Jesus compares our sins to debts. We have violated our obligation of being obedient to God, and this exposes us to the penalty that results from that violation. To teach us the lesson of forgiveness, God bases how He forgives us by the forgiveness we extend to others!
Those who come before Him unwilling to forgive others cannot expect God to show them the love and mercy they desire. God will not show them the mercy and love they will not extend to others! If we forgive others when they injure us, our Father will forgive us.
How are we to conduct ourselves in forgiving others? We must forgive, even if the offender does not ask to be forgiven. We should treat the one who has injured or offended us with kindness, not harboring any grudge or speaking of that individual condemningly. We should always be ready to do him good if the opportunity arises. This is a tall order!
Why act this way when it goes so strongly against human nature? First, it produces peace. Second, it sets the example for the offending individual—and for everyone else—of what God considers right and proper.
Does forgiveness of a person fighting a recurring problem mean that we should place complete trust in him in the area of his problem? With many problems—poor money handling, gossip, lying, stealing, and sexual sins, to name a few—we need to see a track record of overcoming before considering him trustworthy, but we can still be understanding, forgiving, and encouraging.
April 29, 2008 11:05 PM
First, thank you anonymous for reading and commenting on my blog. I do dislike anonymous comments but I understand that there are some who feel more comfortable remaining anonymous. The thing with remaining anonymous is that you can throw your opinion out there and not be fully accountable or responsible for the things you say. I can see the attraction in that but, like I said, I don't like anonymous comments. So, that being said, allow me to address your comment.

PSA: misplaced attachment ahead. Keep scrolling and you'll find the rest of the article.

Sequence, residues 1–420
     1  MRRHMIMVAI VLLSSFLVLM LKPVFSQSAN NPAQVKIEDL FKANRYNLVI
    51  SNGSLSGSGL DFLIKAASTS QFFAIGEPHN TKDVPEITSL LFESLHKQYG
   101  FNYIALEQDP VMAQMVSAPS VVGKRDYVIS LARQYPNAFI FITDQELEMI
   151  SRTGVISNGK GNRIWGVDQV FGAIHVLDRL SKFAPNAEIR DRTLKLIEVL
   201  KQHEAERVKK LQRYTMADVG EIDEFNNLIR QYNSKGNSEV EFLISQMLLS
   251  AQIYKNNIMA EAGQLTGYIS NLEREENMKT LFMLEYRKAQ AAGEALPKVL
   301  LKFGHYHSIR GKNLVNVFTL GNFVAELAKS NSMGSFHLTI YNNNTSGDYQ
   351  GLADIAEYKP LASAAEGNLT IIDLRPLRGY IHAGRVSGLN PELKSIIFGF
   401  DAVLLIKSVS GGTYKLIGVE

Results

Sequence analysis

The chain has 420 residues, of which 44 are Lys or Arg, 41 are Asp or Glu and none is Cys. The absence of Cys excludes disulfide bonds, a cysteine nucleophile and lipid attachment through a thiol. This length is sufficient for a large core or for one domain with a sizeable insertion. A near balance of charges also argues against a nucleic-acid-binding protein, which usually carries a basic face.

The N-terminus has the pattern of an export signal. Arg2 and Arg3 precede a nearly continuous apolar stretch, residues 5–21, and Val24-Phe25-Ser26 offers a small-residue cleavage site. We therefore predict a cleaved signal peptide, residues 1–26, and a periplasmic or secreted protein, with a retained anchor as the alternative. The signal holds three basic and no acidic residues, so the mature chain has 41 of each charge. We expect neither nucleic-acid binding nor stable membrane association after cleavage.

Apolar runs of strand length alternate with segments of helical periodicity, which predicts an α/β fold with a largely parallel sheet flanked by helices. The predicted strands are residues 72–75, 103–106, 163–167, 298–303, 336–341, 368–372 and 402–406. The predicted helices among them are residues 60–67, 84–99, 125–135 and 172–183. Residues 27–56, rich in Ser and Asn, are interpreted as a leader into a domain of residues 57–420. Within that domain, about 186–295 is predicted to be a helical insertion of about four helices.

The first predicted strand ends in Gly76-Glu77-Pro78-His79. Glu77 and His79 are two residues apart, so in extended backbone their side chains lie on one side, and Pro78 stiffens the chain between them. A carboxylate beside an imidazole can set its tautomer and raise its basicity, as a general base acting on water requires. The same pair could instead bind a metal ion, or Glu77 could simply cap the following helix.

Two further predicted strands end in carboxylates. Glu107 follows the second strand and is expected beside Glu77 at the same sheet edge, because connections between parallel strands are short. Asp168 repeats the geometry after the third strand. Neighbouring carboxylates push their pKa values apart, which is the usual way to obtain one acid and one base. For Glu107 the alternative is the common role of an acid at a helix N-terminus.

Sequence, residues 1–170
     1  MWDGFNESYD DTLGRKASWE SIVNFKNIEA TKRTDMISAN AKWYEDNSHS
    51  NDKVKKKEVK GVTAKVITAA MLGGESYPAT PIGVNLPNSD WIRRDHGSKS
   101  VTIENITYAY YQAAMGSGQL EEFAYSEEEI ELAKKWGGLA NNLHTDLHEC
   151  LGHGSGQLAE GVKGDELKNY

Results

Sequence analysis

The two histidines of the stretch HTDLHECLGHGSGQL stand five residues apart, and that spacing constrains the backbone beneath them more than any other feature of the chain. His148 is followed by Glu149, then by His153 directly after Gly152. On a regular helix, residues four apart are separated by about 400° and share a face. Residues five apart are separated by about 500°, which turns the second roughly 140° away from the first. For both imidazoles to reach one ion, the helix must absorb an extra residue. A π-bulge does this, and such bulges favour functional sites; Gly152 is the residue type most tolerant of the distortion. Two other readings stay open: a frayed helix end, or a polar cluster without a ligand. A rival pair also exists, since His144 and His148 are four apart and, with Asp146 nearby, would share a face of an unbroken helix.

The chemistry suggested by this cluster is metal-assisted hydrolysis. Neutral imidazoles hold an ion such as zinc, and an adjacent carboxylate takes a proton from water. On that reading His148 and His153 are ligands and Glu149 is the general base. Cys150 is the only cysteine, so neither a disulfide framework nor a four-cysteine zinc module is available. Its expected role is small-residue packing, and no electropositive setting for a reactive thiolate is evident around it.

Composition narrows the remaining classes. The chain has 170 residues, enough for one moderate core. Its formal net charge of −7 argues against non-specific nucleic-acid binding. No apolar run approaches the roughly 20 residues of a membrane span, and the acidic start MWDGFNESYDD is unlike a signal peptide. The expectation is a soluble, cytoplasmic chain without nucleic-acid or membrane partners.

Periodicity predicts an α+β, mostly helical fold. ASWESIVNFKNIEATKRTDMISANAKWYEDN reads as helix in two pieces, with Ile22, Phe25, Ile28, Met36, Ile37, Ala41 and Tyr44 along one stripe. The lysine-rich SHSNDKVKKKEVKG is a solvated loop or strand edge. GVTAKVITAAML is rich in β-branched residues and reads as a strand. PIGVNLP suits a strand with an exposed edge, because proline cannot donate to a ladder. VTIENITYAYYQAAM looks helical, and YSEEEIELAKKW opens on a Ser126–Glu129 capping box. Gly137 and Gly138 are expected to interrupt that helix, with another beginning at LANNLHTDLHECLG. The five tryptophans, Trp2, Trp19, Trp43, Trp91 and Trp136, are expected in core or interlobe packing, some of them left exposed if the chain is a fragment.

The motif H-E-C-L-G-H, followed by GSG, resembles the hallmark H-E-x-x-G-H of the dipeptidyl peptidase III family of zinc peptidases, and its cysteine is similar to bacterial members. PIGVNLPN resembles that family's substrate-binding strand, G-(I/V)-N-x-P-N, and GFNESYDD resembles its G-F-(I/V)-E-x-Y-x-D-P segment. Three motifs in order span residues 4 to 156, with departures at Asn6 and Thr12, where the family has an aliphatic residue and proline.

I agree completely with what you said and for that matter, what the bible has to say, about forgiveness. You are absolutely right that if we refuse to forgive others we ourselves will not be forgiven.
I must admit I don't clearly understand your reason for pointing this out to me. I can only assume that you think I haven't forgiven Heidi Diaz. You couldn't be more wrong. I have forgiven her. I have and continue to pray that God would use this entire experience to draw her to Himself. I blogged about the need to forgive her early on in my blog. You can find that post HERE
Forgiving Heid Diaz does not mean, however, that I think she should be allowed to continue her dangerous, fradulent, illegal actions. I will continue to pray for her, hope that she will come to know the Lord, AND do everything I can do to help to put her out of business.
As for my words being harsh at times...you are right...I have days when my words are harsh. It's one of the areas in my life that I struggle with. Thank you for the reminder that I need to watch the tone of my words.
One of the things that comes with posting openly, with an identity, is that you can be called out and held accountable for the things you say...I accept that.